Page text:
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Wally Retan
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It may be unrealistic to expect much support from the American College of Physicians for a proposal to leave the RUC process. Recall that many of the ACP members are highly-compensated procedure-performing medical specialists.

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Tom
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Tom

Brian, Excellent post, I couldnt’ agree more with your conclusion- especially with my history of being a fourth generation family doc who has witnessed first had the dramatic decline of primary care in this country. The current drivers of the reform effort, supposedly centered around reducing costs and improving outcomes, has neglected the central role the RUC has played in driving provider behaviors in the exact opposite direction- towards high utilization, advanced procedures, and ‘high value’ specialty care. ACO’s, in all their wisdom, will not function effectively, nor succeed at all, if the current reimbursement paradigm is not fundamentally changed… Read more »

Peter Nesbitt
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Brian, you are on the right track but there are missing elements. Primary care docs must give something to get back their role as arbiters of care. Namely, they must agree voluntarily to treat patients with appropriate care. In other words, eliminate the waste and unnecessary treatment that so characterizes U.S. health care. An independent managed care system comprised of a national, all inclusive medical network, and an independent care management organization can manage care in such a way as to assure appropriate care. It can and must build an alliance between care providers, patients, and payers that respects the… Read more »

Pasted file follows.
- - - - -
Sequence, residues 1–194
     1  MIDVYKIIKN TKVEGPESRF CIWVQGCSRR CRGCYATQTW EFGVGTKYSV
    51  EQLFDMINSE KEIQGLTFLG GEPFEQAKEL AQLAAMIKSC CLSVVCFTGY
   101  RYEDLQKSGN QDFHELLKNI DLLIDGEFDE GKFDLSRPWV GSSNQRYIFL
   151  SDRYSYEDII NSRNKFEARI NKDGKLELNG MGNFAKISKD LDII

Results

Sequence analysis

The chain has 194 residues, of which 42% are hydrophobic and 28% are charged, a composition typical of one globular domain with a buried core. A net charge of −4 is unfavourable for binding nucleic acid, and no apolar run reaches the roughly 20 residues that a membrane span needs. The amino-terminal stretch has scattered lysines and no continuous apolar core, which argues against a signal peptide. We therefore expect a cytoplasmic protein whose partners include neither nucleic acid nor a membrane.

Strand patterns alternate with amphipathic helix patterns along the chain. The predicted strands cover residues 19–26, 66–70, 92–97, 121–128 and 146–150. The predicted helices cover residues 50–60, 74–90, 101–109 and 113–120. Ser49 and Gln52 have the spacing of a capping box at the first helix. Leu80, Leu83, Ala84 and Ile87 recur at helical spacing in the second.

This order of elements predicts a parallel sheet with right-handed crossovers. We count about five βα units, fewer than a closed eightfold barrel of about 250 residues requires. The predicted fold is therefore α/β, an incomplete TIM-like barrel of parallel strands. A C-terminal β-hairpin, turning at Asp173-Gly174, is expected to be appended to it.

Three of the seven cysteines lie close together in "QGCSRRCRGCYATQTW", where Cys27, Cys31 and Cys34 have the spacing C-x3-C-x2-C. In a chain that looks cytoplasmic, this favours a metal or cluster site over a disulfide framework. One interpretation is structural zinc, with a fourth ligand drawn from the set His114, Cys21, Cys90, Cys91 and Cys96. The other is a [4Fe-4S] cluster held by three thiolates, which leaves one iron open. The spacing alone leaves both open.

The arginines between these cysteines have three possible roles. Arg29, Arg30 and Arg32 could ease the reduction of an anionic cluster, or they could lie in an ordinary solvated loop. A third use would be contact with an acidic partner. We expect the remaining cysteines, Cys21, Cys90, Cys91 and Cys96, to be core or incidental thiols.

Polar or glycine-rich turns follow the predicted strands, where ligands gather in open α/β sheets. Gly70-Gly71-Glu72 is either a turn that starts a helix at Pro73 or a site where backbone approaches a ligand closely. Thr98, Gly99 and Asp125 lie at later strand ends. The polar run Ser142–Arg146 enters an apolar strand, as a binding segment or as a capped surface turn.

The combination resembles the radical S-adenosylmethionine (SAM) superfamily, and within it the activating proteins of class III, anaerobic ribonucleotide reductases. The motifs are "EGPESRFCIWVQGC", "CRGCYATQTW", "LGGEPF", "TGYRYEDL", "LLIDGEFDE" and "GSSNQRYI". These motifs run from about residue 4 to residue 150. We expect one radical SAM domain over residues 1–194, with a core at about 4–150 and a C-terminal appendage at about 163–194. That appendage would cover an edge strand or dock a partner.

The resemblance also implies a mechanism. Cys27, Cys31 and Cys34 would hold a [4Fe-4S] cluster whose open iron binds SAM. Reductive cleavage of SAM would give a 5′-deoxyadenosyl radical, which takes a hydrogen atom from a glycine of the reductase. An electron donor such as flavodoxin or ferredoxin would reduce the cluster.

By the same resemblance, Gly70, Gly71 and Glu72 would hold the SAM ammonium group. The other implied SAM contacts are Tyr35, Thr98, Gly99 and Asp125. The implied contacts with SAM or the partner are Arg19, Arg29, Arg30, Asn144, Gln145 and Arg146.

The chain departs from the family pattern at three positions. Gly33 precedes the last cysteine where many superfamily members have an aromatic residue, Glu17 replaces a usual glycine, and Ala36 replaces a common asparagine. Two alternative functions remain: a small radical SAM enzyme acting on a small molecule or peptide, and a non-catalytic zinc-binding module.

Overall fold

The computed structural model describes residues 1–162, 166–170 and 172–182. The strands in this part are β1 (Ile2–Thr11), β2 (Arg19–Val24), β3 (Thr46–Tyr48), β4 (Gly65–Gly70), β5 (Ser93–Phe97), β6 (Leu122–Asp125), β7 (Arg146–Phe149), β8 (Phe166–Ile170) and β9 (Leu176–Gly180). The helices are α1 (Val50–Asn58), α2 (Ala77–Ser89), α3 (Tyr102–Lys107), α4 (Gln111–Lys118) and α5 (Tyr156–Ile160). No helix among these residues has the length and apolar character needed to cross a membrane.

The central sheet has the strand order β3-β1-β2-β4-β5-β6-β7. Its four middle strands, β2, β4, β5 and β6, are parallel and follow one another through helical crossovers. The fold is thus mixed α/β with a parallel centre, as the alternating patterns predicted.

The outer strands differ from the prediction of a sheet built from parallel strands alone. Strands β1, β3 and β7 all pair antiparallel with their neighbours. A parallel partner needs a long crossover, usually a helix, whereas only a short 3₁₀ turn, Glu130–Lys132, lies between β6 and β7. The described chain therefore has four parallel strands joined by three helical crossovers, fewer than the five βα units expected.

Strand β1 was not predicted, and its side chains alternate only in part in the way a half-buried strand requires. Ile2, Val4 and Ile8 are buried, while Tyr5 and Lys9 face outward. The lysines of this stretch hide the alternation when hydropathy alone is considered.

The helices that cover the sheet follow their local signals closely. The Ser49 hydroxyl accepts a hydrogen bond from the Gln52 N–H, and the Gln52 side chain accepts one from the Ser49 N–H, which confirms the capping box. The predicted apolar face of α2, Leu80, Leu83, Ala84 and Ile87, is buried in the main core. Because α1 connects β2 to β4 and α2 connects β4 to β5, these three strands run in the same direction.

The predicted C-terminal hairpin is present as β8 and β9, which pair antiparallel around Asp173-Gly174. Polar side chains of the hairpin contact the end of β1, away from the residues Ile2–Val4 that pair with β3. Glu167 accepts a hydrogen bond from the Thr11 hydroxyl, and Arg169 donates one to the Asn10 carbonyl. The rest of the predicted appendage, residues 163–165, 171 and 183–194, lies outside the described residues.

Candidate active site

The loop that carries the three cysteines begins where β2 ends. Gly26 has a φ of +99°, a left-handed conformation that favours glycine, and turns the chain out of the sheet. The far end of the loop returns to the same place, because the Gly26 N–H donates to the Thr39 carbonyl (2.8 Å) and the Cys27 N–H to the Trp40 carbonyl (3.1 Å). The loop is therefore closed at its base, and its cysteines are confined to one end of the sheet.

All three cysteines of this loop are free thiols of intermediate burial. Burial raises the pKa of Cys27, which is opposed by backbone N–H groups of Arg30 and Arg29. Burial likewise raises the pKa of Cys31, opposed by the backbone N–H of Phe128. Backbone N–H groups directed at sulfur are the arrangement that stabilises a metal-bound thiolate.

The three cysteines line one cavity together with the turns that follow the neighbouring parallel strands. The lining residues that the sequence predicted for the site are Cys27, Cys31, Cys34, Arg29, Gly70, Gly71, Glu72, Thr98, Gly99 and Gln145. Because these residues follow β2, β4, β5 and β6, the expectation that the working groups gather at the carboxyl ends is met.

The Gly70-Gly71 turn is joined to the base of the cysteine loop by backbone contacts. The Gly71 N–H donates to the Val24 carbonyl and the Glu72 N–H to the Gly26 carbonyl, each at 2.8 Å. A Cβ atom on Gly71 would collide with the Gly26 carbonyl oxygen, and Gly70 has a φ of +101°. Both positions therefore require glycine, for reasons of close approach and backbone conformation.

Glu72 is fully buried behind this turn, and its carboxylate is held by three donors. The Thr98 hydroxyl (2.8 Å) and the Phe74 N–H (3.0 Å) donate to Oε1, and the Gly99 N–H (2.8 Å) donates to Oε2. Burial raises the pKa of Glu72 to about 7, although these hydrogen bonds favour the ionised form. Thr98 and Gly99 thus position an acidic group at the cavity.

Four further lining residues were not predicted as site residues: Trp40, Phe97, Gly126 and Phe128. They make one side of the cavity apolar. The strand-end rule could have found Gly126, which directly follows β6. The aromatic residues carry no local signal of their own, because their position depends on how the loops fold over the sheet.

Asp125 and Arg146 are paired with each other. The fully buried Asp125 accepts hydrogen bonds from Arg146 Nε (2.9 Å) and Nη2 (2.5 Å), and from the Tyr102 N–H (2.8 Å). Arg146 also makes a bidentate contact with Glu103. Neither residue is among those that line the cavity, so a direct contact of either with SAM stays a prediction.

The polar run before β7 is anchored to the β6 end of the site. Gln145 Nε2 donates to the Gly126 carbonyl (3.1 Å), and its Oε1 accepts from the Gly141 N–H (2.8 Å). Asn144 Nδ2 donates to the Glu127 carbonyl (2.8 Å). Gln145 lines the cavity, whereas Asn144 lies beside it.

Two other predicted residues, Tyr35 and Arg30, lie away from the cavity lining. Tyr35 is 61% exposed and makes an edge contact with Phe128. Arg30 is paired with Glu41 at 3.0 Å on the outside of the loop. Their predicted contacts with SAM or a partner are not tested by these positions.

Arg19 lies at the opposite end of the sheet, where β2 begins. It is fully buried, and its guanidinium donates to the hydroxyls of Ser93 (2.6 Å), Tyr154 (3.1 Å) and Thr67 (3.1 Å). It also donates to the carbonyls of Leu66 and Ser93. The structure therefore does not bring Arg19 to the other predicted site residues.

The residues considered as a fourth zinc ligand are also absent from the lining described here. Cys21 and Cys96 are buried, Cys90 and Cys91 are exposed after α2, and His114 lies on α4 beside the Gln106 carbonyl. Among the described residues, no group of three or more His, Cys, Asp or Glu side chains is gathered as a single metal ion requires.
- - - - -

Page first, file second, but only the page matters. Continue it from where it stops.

Peter
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Peter

Why does anybody think the “industry” is going to fix this? If you do you’re delusional. Who fixed the dysfunctional housing market prior to the “latest” meltdown – certainly not the industry. It’s all about preserving/saving/growing income, and personal greed is the principle driver, and getting that from premium payers is the game. Until there is a massive implosion of cost versus ability to pay, then this won’t get fixed unless government is the arbitrator/fixer. You can talk all day long about CDH, HDHP, capitation, none of it will mean anything unless the underlying COST (price) is addressed. Don’t look… Read more »

Julianna
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Is this your picture?Mr. Brain?Very nice.
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BobbyG
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Nice, Brian.

It is indeed a maddening perplex, is it not? Likely next-up-at-the-plate solution? Blame and punish the victims (i.e., the docs and patients).

I wrote 5 lengthy posts on health policy reform across the past couple of years over on my policy blog (linked in upper right corner).

http://bgladd.blogspot.com/

I’m not seeing that I missed much.

Now I work for one of the RECs (link in my name). Good LORD, what a shoot-aim-ready ride we got goin’ on.